These days, it feels like the American dream of owning one’s own business is becoming harder than ever. Whether it’s due to the constantly fluctuating state of the economy or a simple lack of space for new ideas, it can be difficult to know exactly where to start, or if your idea has enough merit and passion behind it to even get off the ground. How does one put themselves out there in today's modern business world? Luckily, you often never have to go it alone, as others who went before you can provide advice on where to begin.
That’s exactly what Candace Nelson, the acclaimed creator of the bakery chain Sprinkles Cupcakes and renowned judge of Cupcake Wars on Food Network, hopes to do with her latest endeavor: a new book on what she believes is her recipe for business endeavors, appropriately titled Sweet Success. While the book claims to be “a simple recipe to turn your passion into profit,” the chapters take on much more than the metaphor, as Nelson takes the reader through her own experience to explain what steps must be taken to ensure success.
“We all want to live a passion-filled life, right?” Nelson says in an interview with Modern Luxury. “I think for me, passion is really the fuel that keeps you going… it's what helps you attract people to you, whether it's customers, whether it's people who want to work for you, whether it's suppliers. I like to think of it as that extra battery pack, when you're really just presented with all those obstacles and all those challenges, you can kind of tap into it and it helps you get through.”
The book, sitting at over 225 pages long, is a comprehensive guide to what Nelson believes is critical to success, both mentally and practically. Chapter topics take on a wide variety of advice, including ideas like adding your own perspective – which Nelson explains was a critical reason Sprinkles became such a popular chain, as she dared to ask “could a cupcake be sophisticated?” – and suggestions for keeping one’s brand in a good place financially, like registering a name for the business early or pushing it on social media.
“It's a four-step recipe; I don't go crazy with the baking analogies, they're really just the chapter headings, it is meant to be accessible,” Nelson says. “It starts with ‘Dream It!’ which is all about the mindset, which is foundational to any journey… Then ‘Package It!’ which is the building of the brand… I take you through how to craft your brand from scratch, which is so important… Then ‘Build it!’ which is once you know that you have something and you want to grow it, and then ‘Protect it!’ … Are you planning to grow it quickly and protect it, even with just intellectual property, copyrights, trademarks?”
What makes Nelson’s book so different from other advice or entrepreneurship books is how grounded her advice is. While sharing anecdotes from her own journey, Nelson frames the process with concrete steps to take and often does not shy away from how difficult following one’s dream can be at times. One notable example occurs early in the book when Nelson tells the reader to ask themselves one simple question: “is there anything else you can do?” If the answer is “yes,” like following one’s backup plan of a stable desk job or finding work elsewhere, then entrepreneurship life is not for them.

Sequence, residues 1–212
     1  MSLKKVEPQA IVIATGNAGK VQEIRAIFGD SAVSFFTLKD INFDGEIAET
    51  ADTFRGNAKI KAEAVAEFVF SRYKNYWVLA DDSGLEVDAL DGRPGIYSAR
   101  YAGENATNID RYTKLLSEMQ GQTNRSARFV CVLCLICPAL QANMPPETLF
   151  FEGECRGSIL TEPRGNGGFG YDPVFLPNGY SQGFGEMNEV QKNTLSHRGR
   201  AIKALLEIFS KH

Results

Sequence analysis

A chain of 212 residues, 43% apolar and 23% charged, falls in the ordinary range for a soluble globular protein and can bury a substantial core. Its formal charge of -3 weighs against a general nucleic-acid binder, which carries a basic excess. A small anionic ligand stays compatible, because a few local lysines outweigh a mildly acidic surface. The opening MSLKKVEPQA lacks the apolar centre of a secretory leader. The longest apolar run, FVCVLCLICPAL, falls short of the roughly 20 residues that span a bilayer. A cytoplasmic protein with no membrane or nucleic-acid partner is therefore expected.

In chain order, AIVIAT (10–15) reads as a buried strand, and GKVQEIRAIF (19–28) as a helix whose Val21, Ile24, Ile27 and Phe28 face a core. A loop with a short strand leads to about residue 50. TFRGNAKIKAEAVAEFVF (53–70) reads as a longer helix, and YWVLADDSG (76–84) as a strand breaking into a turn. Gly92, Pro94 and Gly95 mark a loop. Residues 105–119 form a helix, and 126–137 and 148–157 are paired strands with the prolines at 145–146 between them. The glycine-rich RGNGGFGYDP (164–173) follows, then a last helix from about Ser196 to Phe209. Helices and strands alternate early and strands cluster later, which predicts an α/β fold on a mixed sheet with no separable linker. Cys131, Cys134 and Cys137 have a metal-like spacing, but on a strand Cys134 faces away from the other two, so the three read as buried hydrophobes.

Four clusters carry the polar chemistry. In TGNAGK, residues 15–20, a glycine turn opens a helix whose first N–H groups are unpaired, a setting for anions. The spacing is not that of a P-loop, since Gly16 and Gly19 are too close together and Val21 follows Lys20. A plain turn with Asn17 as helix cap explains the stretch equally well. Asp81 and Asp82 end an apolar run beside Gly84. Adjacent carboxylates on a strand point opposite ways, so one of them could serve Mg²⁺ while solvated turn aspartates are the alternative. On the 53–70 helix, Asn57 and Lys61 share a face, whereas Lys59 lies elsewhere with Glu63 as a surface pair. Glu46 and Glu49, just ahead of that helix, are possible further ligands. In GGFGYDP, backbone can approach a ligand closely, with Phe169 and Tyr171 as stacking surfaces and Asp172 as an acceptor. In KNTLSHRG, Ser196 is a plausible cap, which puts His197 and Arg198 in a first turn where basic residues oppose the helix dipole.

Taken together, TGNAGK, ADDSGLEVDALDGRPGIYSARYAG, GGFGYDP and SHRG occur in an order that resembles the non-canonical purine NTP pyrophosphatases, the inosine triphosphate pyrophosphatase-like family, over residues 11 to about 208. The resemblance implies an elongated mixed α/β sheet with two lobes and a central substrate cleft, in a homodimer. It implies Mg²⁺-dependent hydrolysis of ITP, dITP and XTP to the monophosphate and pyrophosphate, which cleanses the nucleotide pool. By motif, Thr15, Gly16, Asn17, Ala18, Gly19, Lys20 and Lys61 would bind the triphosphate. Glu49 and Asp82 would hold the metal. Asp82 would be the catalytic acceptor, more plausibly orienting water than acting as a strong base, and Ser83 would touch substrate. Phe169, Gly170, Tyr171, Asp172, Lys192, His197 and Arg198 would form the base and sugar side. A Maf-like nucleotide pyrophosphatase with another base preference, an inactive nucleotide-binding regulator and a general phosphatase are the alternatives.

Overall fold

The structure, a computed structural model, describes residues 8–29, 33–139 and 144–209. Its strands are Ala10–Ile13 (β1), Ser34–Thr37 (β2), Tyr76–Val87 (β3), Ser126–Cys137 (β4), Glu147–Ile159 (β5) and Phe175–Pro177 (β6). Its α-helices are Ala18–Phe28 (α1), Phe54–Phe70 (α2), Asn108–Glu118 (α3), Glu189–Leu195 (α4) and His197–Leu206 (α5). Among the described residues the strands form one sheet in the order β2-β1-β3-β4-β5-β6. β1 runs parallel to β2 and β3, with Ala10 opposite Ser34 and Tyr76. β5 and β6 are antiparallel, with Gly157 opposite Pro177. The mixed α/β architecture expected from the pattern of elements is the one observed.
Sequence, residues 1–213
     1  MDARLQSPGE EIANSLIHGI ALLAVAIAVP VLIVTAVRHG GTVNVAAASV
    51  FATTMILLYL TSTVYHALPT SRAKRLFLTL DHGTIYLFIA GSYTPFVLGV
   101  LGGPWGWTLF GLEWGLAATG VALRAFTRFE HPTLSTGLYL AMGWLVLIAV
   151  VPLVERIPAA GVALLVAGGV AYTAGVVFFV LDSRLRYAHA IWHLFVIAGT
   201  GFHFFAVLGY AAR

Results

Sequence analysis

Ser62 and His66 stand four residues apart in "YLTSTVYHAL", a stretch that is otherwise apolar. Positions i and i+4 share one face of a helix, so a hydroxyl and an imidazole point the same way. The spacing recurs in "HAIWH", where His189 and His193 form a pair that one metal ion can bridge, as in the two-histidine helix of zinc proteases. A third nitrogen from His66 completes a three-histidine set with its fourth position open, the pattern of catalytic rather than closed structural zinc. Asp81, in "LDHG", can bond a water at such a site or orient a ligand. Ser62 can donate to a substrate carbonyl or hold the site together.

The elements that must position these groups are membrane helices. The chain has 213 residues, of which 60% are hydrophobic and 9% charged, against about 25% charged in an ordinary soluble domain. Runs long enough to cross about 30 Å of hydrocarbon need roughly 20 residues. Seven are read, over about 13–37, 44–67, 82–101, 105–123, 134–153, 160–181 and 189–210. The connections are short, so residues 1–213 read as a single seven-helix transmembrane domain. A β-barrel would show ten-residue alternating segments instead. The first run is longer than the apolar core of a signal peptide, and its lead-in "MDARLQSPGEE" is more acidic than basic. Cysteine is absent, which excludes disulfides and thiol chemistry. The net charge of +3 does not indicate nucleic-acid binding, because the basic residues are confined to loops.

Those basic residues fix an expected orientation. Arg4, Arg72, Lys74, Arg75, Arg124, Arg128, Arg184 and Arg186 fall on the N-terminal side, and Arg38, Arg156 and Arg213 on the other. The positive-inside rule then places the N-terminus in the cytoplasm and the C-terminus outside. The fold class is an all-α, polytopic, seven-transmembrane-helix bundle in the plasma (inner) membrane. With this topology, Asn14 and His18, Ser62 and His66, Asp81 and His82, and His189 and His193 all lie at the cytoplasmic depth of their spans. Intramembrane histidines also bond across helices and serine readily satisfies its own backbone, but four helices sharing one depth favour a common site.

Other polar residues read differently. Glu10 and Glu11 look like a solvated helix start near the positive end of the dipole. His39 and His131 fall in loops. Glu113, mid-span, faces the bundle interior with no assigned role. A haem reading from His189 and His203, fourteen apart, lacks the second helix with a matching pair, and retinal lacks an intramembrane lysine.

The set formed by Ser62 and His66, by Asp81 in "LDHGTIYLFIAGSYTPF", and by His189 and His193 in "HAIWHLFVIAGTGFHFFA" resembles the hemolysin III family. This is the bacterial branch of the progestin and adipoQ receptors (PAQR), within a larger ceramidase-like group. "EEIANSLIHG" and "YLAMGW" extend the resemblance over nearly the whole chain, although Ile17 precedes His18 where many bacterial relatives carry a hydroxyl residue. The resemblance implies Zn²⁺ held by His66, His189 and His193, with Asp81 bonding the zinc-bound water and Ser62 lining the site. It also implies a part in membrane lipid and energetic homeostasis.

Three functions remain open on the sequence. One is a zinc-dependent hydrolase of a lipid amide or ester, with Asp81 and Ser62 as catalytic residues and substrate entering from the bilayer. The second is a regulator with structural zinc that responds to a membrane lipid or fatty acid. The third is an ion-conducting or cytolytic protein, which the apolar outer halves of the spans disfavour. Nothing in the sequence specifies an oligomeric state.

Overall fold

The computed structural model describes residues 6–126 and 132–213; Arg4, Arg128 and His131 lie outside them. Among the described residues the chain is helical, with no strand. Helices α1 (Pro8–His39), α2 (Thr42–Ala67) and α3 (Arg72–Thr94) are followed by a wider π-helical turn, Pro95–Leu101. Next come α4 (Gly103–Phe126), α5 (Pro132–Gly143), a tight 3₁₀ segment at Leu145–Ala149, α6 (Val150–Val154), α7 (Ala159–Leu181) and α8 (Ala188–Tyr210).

“If you're not completely obsessed with your idea, it might not be the one just yet,” Nelson explained. “If you're a creative person or entrepreneur, you're looking for problems to solve in the world; you're not going to just have one idea, there's always going to be more. There's so much opportunity cost to putting your money and your time and your efforts and your reputation into something better… [you need to] make sure that you have to do it, like you can't sleep, you wouldn't forgive yourself if you didn't do it, to make sure that it's really the one… if there’s a Plan B, keep looking.”
There are several other lessons Nelson adds throughout the book, like the importance of persisting through adversity – “what separates the successful entrepreneurs… the idea that no matter how many times you fail, or how many “no’s” you hear, you pick yourself back up and you keep going” – and having a purpose for your business in addition to a passion:
“Purpose is really that grounding force,” Nelson says. “It's sort of that “why,” right? [For me,] passion was baking, but [the] purpose was like the joyfulness and the connection of elevating a simple food and watching people enjoy it and integrate it into the special moments of their life. I love to get in the bakery every day and bake, but really, what drew me to it was this idea of bringing joy into a world that is sometimes fractured and divisive.”
Perhaps it’s this “purpose” that makes “Sweet Success” so endearing to read, as Nelson’s voice seems to anticipate the echoes and worries one might experience on their endeavors and almost puts all of them at ease. Unlike other helping books, which sometimes require extra effort from the reader and ask them to write in their own responses to questions, “Sweet Success” is focused on amplifying the human experience in business, something Nelson says is critical to her own philosophy:
“I think customers want to have a human element to the brands that they are buying and supporting,” Nelson says. “The OG way of that discourse was me standing behind the bakery counter and talking to everyone as they came in the door. You can't discount that sort of one-by-one human connection, and ultimately, that's what gets people talking and doing your marketing for you. That’s the holy grail of marketing.”